Queen's counsel XXVII
My third and last year at Queens started with a residential weekend during which we spent some time exploring feminist approaches to faith and understanding of life. We were asked to place ourselves somewhere on a line between knowing little to being widely read in this area and then how much does it matter. Where do you think the men went? Where would you place yourself?
Men and patriarchal images appear to dominate most of history and much of scripture. Kings rather than queens have ruled us and we have relied on male priests for most of our religious ceremony and development. Even our artistic and industrial heritage seems to have been created by men though if you take the time to explore, there are innumerable contributions from women too. The problem, after so many hundreds of years of unquestioned assumption, is in our conditioning and perhaps in not being prepared, or even allowed, to delve and be open.
Language has something to do with it and it is generally recognized that scripture has been recorded with a patriarchal bias. However, it is worth pausing and considering that the wisdom of God, the source of meaning behind the whole universe, is known in the Greek as sophia, a feminine noun. So also is the Spirit or breath of God, in Hebrew ruwach, that moved across the face of the waters to bring the creation into being. Jesus who becomes man in order to redeem the world (more of that next time – we're studying Salvation this term) commissions Mary outside the tomb to take the good news of his resurrection to the Apostles and thus become the first Apostle. Nowadays there is much more insistence on inclusive language, and rightly so, but we need to recognize the challenges that different approaches bring and rejoice in their diverse gifts.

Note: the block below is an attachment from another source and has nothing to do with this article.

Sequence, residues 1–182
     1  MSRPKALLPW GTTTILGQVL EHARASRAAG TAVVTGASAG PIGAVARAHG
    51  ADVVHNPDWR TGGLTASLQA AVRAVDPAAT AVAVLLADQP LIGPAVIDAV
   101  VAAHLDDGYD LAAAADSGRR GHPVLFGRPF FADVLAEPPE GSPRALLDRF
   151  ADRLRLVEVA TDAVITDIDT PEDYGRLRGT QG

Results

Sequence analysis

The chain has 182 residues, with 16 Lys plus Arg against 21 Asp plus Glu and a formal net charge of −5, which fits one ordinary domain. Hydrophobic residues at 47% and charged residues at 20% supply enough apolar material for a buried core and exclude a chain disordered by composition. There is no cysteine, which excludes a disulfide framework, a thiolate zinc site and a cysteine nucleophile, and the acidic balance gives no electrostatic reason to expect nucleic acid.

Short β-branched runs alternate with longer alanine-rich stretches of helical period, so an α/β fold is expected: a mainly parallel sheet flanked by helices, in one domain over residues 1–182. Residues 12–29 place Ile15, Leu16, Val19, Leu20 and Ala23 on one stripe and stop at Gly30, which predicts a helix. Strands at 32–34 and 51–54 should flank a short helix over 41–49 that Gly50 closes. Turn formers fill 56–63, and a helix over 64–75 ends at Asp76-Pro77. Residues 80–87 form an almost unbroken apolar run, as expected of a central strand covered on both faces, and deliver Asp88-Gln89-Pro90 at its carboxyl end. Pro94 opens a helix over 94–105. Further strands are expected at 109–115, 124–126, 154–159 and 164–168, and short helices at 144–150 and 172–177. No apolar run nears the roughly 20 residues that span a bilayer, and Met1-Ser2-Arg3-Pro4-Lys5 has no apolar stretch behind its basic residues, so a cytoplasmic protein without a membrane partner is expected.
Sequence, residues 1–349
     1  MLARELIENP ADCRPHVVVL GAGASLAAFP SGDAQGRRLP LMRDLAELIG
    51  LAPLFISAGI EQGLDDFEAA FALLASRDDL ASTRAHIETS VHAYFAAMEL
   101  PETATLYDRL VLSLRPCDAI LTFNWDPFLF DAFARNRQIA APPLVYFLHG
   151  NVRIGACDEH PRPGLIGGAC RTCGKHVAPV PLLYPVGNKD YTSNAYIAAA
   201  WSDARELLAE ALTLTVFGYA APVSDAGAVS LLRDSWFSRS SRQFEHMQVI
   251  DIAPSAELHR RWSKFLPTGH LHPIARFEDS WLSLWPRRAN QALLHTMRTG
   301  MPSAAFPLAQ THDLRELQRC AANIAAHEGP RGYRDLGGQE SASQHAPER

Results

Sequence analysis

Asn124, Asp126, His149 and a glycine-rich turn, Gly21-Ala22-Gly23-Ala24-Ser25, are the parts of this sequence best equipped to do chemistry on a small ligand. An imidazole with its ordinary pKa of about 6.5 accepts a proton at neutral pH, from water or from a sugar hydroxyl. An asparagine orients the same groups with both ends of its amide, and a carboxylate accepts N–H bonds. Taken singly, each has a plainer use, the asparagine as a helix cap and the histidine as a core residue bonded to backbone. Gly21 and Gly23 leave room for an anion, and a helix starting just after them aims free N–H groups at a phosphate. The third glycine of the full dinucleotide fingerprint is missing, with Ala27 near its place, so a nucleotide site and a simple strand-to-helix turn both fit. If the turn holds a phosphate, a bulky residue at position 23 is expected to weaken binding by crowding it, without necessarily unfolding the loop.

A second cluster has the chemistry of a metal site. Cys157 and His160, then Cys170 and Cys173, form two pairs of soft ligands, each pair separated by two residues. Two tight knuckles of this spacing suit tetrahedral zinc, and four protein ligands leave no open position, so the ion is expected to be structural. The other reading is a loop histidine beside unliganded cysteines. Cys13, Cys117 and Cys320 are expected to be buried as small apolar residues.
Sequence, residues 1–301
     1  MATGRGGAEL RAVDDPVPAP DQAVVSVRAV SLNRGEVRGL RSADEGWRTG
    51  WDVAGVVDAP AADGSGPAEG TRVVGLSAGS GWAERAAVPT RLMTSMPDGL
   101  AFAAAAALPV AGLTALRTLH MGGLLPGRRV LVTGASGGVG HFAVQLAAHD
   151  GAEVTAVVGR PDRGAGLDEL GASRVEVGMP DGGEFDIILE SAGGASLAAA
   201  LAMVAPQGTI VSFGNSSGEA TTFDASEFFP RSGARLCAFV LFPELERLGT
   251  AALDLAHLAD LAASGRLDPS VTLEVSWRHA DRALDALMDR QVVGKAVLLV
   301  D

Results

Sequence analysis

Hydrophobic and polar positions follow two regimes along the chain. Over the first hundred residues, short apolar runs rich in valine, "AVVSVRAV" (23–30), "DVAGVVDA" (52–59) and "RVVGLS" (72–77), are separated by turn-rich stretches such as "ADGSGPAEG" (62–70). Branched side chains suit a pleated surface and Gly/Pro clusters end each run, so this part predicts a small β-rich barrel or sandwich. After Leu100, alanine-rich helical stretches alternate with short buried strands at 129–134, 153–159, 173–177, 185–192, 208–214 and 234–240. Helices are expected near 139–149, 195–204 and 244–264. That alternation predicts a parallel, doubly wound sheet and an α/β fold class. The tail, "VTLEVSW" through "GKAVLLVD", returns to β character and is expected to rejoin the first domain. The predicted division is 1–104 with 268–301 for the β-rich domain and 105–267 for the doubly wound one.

November starts with us commemorating All Saints and remembering the souls of those loved ones who are now with us only in Spirit. In the spiritual realm, there is no particular distinction between male and female – all are special in their own way and all are one in the great company of all who have gone before us. Perhaps Lady Julian of Norwich should have the last word:
And so I saw full surely that
This site was developed to contain work by Mike Fox relating to the WMMTC course
This page was last updated on 2003-09-27